Research in Focus: Tai Chi vs Health Education in Subsidized Housing

  •   January 9, 2020
  •  Leanne Loranger, PT

Full Citation: Lipsitz LA, Macklin EA, Travison TG, Manor B, Gagnon P, Tsai T, Aizpurua II, Lo OY, Wayne PM. A Cluster Randomized Trial of Tai Chi vs Health Education in Subsidized Housing: The MI-WiSH Study. Journal of the American Geriatrics Society, 2019; 67:1812-1819.


Exercise is commonly recommended as an intervention to reduce the risk of the development of chronic health conditions and of morbidity from those conditions.2 Tai chi is an exercise approach that has been recommended for many years for older adults, including individuals with a variety of disabilities and diseases. Several studies have demonstrated multiple benefits of tai chi with this population. However, these studies have not typically included older adults living in subsidized housing who may face unique health challenges and risks of decline due to their socio-economic status. This study specifically targeted this patient population and compared the effect of tai chi versus health education on physical function, health-care utilization and cost.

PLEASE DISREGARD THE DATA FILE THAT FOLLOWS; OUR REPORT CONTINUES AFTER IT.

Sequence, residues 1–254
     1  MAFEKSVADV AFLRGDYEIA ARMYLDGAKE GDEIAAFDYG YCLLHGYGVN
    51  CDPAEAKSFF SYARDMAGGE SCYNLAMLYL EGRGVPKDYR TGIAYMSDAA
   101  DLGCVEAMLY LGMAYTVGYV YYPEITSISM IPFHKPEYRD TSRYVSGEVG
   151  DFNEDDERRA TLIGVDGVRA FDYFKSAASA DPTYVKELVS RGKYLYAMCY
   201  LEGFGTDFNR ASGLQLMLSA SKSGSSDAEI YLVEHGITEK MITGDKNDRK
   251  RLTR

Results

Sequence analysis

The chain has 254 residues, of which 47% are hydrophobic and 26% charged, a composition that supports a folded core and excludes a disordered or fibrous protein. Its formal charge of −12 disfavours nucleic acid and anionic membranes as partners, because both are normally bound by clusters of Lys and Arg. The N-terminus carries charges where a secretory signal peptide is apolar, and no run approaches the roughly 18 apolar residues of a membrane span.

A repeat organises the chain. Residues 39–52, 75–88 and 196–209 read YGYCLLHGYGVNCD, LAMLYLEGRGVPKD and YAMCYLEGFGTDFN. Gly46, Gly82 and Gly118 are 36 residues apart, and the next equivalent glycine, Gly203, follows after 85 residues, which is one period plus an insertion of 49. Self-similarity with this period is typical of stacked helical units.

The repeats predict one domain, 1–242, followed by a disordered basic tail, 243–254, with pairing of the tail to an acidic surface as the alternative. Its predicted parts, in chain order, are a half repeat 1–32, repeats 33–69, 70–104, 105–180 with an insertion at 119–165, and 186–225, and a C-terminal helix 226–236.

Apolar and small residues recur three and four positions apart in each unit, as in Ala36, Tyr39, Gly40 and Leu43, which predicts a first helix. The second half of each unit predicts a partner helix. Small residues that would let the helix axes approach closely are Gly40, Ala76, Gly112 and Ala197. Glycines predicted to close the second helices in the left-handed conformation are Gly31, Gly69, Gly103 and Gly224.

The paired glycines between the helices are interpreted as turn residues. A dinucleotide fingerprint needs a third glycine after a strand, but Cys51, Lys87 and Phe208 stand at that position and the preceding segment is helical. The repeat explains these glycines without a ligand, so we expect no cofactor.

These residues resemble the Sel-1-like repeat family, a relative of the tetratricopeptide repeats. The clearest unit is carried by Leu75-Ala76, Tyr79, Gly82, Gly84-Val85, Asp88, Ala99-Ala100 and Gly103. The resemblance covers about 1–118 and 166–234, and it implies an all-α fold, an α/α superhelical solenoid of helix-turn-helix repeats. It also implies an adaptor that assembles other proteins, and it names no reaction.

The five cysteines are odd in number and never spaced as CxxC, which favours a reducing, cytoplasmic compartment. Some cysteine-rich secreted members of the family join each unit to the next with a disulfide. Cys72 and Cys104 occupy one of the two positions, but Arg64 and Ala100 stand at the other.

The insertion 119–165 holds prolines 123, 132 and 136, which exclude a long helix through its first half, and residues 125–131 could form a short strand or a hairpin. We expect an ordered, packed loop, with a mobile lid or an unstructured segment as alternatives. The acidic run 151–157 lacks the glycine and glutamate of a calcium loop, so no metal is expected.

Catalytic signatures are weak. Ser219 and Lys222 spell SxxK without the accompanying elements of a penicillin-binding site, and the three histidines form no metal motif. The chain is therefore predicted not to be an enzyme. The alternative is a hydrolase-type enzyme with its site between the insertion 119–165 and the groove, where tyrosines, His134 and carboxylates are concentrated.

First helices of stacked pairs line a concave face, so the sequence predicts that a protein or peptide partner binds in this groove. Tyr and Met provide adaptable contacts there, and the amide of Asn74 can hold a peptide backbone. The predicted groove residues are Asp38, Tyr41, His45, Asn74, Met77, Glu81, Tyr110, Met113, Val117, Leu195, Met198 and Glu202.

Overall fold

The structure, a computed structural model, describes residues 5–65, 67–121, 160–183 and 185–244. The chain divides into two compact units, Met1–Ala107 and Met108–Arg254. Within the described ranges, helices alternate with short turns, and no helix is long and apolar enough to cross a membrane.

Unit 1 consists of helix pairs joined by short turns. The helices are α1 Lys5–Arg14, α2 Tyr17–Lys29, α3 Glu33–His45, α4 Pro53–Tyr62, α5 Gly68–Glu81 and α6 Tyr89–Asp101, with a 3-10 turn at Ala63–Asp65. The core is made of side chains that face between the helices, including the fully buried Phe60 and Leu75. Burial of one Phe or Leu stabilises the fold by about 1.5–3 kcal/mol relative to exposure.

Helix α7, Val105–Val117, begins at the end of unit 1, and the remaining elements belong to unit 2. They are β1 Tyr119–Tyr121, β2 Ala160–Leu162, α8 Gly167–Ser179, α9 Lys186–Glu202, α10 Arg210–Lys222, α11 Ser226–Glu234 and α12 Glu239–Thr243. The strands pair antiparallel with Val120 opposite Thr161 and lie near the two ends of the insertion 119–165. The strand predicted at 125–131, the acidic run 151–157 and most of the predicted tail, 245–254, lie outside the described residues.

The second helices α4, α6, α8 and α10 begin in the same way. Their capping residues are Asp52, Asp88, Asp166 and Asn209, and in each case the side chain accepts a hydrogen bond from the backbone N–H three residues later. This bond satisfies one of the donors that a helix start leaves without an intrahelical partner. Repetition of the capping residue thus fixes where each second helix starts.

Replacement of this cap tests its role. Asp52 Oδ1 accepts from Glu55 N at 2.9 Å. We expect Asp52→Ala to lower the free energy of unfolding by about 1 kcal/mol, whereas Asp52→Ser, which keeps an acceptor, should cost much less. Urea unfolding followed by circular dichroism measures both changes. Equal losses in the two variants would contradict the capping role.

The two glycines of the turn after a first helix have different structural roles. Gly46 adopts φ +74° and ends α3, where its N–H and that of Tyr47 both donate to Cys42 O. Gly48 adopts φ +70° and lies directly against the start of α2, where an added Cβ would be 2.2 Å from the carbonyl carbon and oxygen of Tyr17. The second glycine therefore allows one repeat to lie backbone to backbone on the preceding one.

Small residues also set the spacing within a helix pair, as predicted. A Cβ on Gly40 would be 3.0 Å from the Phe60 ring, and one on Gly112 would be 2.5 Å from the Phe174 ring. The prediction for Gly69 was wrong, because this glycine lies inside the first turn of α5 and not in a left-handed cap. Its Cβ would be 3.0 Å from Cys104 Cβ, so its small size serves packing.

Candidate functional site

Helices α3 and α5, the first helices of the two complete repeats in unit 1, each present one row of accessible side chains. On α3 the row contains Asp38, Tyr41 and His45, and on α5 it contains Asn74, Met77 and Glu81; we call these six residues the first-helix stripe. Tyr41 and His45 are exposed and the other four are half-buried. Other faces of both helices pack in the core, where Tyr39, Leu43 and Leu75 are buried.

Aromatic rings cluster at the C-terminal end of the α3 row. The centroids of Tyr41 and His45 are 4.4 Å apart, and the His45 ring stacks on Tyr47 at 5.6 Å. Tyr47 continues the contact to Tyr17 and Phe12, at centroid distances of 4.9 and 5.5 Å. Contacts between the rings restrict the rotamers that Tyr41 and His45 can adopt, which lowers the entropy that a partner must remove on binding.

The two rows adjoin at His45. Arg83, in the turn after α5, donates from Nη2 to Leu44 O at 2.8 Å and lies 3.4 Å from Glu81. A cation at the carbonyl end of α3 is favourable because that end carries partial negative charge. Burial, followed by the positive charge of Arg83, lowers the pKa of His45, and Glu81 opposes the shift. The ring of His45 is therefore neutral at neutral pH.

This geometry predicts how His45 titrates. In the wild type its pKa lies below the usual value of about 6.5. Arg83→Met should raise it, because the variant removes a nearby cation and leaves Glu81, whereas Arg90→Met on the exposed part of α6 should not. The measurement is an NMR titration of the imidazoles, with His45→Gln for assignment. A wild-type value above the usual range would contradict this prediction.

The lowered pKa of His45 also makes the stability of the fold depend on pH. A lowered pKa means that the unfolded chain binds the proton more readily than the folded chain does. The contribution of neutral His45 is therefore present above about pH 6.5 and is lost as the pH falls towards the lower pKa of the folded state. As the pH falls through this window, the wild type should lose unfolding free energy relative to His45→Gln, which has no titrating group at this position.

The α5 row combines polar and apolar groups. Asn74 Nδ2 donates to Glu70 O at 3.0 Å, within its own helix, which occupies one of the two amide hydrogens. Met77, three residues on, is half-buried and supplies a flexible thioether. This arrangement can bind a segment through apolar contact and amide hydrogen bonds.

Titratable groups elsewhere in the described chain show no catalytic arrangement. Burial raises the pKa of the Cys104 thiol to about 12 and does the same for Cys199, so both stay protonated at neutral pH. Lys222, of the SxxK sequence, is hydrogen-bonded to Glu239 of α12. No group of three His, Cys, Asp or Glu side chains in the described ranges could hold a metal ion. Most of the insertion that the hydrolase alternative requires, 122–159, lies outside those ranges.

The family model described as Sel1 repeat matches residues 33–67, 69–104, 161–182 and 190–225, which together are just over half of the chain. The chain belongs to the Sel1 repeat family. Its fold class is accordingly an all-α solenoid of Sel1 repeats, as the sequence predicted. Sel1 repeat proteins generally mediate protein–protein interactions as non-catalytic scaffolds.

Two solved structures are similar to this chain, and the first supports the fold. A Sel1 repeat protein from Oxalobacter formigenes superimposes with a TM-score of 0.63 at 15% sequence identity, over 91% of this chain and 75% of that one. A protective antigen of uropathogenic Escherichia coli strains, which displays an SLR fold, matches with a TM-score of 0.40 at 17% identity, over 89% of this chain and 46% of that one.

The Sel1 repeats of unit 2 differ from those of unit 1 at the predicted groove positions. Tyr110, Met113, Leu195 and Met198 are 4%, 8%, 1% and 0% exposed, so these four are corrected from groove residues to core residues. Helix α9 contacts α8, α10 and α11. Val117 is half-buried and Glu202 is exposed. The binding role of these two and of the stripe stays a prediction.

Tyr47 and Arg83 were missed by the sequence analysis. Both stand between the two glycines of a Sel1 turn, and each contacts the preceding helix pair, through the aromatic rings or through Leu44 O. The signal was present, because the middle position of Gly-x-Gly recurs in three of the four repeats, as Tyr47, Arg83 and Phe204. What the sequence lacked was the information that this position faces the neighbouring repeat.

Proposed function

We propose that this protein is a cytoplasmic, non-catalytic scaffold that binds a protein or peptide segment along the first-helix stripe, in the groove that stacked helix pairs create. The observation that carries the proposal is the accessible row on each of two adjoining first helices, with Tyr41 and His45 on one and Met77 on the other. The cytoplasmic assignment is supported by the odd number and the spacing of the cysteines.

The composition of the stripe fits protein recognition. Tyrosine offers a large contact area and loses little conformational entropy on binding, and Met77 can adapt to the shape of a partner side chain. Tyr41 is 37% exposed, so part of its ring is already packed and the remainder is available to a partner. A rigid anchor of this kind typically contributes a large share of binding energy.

• Cluster randomized trial
    • Residents of 16 subsidized housing facilities in Boston, Massachusetts, USA and neighboring communities
    • Randomization at the facility level to intervention or control
  • Baseline assessments were completed before randomization
  • Follow-up assessors were blinded to treatment arm
  • Primary outcomes of interest:
    • Short Physical Performance Battery (SPPB) scores
  • Secondary outcomes:
    • Physical function (TUG, grip strength, self-reported physical activity, functional capacity)
    • Cognition
    • Person-centered measures (balance confidence, health-related quality of life, depression, exercise self-efficacy)